Summer Produce and Fertility
by Margaret Eich, MS, RDN
The farmer’s markets are starting to be full of fresh fruits and vegetables. We all know that this produce is good for our overall health, but certain fruits and vegetables may also have specific fertility benefits. One of our central guiding principles at Pulling Down the Moon when it comes to nutrition for fertility is to promote a nutrient dense diet, in other words a diet that is rich in vitamins, minerals, and phytonutrients. Supplements can help fill in gaps our diet, but they are not a substitute for a nutrient dense diet. As we are starting to learn, certain beneficial compounds in foods work synergistically.
For example, local kale is now available. Kale has been a nutritional powerhouse long before it became so trendy. Kale and other cruciferous vegetables like broccoli, cabbage, and collard greens, contain a compound called indole-3-carbinol that may help reduce oxidative stress, reduce inflammation, and balance estrogen levels. Balancing estrogen levels is especially important in conditions associated with estrogen dominance or estrogen excess such as endometriosis, PCOS, and fibroids. Leafy greens such as these are also rich in folate, potassium, and vitamin C.
Berries are also starting to appear at the markets. Berries tend to be rich in antioxidants and nutrients while being lower in sugar than other fruits. Raspberries and blackberries are especially high in fiber. The extra fiber helps the body eliminate compounds like excess estrogen through the stool. The high antioxidant value may help neutralize free radicals.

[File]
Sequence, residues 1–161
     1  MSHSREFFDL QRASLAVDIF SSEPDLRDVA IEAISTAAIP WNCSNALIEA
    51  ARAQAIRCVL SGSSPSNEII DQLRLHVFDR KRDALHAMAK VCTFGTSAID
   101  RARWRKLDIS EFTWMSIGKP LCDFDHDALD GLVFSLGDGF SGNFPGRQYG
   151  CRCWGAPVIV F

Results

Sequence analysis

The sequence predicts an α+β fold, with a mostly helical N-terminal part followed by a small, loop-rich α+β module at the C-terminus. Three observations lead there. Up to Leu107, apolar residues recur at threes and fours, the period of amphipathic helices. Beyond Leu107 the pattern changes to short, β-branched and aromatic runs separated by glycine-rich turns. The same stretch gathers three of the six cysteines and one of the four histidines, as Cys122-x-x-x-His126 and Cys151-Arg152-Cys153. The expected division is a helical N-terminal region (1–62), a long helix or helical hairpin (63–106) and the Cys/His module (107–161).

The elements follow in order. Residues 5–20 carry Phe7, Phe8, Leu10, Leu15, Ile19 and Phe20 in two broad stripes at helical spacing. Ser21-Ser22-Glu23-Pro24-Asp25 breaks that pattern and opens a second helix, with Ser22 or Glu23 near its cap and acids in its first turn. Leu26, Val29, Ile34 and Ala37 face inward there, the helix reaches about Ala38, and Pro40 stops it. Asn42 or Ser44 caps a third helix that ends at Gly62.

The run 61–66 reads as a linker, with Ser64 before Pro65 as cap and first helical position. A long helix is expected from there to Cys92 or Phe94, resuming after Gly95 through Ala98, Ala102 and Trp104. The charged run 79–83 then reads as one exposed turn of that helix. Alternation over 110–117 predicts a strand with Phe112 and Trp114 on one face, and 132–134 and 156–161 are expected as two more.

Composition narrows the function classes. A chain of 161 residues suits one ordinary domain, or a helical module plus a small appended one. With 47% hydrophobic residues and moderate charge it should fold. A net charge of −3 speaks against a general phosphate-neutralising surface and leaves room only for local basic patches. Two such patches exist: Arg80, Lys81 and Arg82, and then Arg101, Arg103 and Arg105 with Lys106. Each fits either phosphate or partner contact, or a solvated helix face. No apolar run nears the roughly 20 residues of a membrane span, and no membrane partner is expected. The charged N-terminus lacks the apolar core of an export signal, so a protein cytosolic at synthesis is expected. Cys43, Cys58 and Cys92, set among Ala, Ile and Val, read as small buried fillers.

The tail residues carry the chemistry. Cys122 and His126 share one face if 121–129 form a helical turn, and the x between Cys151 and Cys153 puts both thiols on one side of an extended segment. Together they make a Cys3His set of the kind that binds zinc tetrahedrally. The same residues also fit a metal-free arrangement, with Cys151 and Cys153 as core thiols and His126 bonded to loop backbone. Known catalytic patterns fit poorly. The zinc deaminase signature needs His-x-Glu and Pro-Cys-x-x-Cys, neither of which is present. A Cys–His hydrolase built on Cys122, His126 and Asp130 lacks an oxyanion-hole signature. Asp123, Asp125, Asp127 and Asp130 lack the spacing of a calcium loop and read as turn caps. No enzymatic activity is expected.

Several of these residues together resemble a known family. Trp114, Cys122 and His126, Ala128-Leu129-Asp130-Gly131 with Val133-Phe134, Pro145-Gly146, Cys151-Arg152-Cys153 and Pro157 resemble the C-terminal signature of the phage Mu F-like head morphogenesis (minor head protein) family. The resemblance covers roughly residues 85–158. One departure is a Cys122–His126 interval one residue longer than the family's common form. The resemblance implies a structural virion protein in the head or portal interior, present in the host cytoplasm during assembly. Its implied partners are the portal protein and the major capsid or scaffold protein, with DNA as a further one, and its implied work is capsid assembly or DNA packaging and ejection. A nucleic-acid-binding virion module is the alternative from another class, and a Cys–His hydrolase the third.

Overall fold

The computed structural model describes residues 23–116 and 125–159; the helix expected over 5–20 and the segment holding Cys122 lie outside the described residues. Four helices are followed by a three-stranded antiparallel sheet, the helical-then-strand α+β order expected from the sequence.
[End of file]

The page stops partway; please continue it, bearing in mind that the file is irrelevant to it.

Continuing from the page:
Zucchini will be more widely available soon, and can be cooked on its own as a side dish, or use zucchini “noodles” instead of regular pasta. These “zoodles” help increase daily vegetable intake and can help you reduce regular pasta, which tends to lack nutrients and be high in refined carbs, depending on the type. Even gluten free pastas, such as those made from rice tend to not be very nutrient-dense.
Don’t forget the fresh herbs, like cilantro, parsley, basil, and mint just to name a few. These herbs not only add flavor, but also add extra antioxidants.
When choosing your fruits and vegetable, it’s preferable to choose organic when possible. When making your decisions about where to spend the extra money on organic produce, it helps to consult the Environmental Working Group’s Dirty Dozen and Clean 15 list . Fruits and vegetables on the Dirty Dozen list are best to buy organic, since they have higher pesticide residues. Examples include strawberries, spinach, apples, and peaches. Produce on the Clean 15 list tends to be lower in pesticides residues. Examples include onions, avocado, and pineapple.